A little bit younger than some of the medieval entries on the list, Donegal Castle lacks the impressive round towers and imposing battlements of King John’s Castle or Malahide Castle. But it’s beautifully preserved and offers something a little different in terms of architecture, to say nothing of history.
Donegal Castle was first built in 1474 by the O’Donnell clan. In the 1580s, this powerful clan would be forced from Ireland after a series of English defeats. They set fire to the keep on the way out, but Donegal Castle was rebuilt in 1623 in a more contemporary (15-century) Jacobean style. This late-Renaissance style is more elegant stone manor, less formidable fortress. The original keep is updated with large windows, a gable and a manor-house wing, giving it a very country-house appeal.
Today you can tour Donegal Castle’s magnificently restored Great Hall, which features an ornately decorated fireplace, French tapestries and Persian rugs, along with other rooms. While not an all-afternoon affair, this castle’s unique beauty and rich history makes it a worthwhile addition to any trip through Ireland’s northwest region.
Another not-your-typical castle, Lynch’s Castle is a fortified house in the heart of Galway’s historic center. Decorated with elegantly carved windows and doors on its first floor and the coats-of-arms of fifteenth century rulers such as King Henry VII, it has clearly been modified over the years to keep up with changing tastes.
But nothing changed it quite so much as its 1966 transformation into a bank branch. The bank restored the limestone building, and today its first floor is open to visitors, with exhibits dedicated to its history and architecture.
Today, Lynch’s Castle is the only remaining example of a complete secular medieval building in Galway, making it well worth your while when visiting this historic city in the west of Ireland.
Back to tradition we go, with Trim Castle, the largest Anglo-Norman castle in the country. Built beginning in 1176, this castle’s immense size is just one reason it’s one of the best castles in Ireland. It’s also fantastic example of the best defensive practices of the age, including a twenty-sided tower protected by a moat, curtain wall and ditch.
Today Trim Castle’s ruins stand over the River Boyne and look down on the heritage town of Trim, home to the magnificent ruins of the Cathedral of St. Peter and Paul. On a guided tour of the grounds, you can discover the history and purpose of Trim Castle’s many towers, halls and other details — from the disarming area, where visitors handed over their swords and weapons before being admitted, to the spiral staircase up to the castle chapel. It’s a stunning addition to any trip down Ireland’s east coast.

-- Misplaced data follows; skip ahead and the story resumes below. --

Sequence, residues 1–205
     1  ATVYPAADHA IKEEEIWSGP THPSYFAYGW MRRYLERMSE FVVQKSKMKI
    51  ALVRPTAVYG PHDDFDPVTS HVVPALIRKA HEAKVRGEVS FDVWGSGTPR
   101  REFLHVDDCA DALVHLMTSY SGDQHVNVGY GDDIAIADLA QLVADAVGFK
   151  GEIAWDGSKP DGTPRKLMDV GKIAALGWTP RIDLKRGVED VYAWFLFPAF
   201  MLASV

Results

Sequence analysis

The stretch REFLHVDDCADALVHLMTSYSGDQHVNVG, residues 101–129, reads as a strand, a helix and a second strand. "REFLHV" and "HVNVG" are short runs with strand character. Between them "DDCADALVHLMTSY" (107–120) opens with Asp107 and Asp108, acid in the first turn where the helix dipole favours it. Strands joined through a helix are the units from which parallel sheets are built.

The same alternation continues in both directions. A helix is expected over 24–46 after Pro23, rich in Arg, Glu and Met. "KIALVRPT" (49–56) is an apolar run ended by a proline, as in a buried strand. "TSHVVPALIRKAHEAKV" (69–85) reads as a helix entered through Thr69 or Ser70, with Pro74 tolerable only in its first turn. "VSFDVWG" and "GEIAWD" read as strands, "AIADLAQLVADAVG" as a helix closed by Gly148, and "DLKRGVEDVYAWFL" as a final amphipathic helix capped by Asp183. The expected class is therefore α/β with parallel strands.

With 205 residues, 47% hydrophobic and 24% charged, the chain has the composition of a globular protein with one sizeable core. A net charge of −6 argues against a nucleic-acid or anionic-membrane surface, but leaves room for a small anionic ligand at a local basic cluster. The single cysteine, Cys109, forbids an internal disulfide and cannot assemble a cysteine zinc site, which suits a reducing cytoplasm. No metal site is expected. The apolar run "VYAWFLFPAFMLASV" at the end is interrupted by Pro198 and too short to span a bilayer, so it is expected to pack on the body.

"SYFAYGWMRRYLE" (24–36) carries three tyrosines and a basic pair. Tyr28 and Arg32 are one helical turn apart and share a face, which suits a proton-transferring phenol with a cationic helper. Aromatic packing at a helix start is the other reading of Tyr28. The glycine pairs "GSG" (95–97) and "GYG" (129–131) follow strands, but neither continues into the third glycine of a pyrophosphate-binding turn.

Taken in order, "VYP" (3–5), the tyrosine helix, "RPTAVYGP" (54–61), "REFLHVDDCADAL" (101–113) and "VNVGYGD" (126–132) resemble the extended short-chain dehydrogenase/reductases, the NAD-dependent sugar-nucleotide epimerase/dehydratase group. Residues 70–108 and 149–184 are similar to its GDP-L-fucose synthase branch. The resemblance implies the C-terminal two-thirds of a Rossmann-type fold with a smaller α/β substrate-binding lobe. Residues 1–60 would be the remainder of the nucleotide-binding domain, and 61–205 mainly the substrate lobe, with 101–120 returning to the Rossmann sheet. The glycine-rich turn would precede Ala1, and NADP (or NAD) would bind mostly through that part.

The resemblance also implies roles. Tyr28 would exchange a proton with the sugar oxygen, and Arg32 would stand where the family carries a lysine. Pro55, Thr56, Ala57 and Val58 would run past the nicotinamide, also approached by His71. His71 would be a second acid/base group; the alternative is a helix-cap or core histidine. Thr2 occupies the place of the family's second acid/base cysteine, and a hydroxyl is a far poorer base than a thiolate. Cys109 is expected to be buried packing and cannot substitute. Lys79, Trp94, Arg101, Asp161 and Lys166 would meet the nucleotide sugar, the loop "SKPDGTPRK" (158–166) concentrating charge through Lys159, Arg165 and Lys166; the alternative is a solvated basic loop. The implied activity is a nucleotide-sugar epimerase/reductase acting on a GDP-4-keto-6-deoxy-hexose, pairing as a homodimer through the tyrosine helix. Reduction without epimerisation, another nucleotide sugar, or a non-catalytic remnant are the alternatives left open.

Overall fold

Rock of Cashel
No list of the best castles in Ireland is complete without the astonishing hilltop ruins of the Rock of Cashel. Although technically the ruins you find here those of a massive cathedral site, the Rock of Cashel was the seat of the ancient Kings of Munster. Legend says that St. Patrick converted the King to Christianity here in the 5th century. With that kind of history, the Rock of Cashel complex is almost unimaginably ancient, even by European standards, though the structures which survive mostly date back to the 12th century.
A tenth-century king gifted the Rock of Cashel to the Church, and a collection of religious structures arose with Celtic, Romanesque and Germanic features in their architecture. Elegant stone arches rise against the Irish sky alongside a traditional 12th-century round tower, and the remnants of medieval frescoes brighten the vaults of Cormac’s Chapel contrast with the lacey Celtic carvings on the chapel’s sarcophagus (which just might be the tomb of King Cormac).
Located in County Tipperary, the Rock of Cashel is in Ireland’s southeast and more or less centrally located from Waterford, Kilkenny, Cork and Limerick.
Visiting the Best Castles in Ireland
Many of these castles can be added as day-trips or stops between cities as you tour Ireland on your own. If you’re considering an Escorted Tour, look for an itinerary which includes your must-do castles. You might find a few bonus gems on the tour itinerary as well!
The amazing small-group Irish Heritage tour includes the Rock of Cashel, Blarney Castle and a medieval banquet at Knappogue Castle – a sister event to the one at Bunratty Castle. There’s also time in Kilkenny and Dublin where you can seek out those city’s castles on your own.
You’ll find Kilkenny Castle, Blarney Castle and Bunratty Castle on the Affordable Ireland tour, as well as time in Galway, where you can visit Lynch’s Castle, and Dublin, where you can visit Dublin Castle. You’ll also find these castles and towns on the Classic Ireland tour.
Donegal Castle, Lynch’s Castle and some time in Dublin are highlights on the Crown of Ireland tour, which features Northern Ireland and the west coast.
Visit Dublin, Kilkenny Castle, Blarney Castle, and Galway on the Kaleidoscope of Ireland tour, which also visits Northern Ireland and Donegal.
Want to visit castles and stay in one? Our Fly & Drive vacation packages include stays at Ireland’s best castle and country house hotels. Choose from itineraries like this 8 Day Irish Castle Fly & Drive, which includes stays in Waterford, Tralee, Connemara and County Meath.
Whether you add just one of the best castles in Ireland to your itinerary or all ten (what a trip!) you’ll be transported back in time. And there’s nowhere better for a little time travel than that mystical isle of Ireland.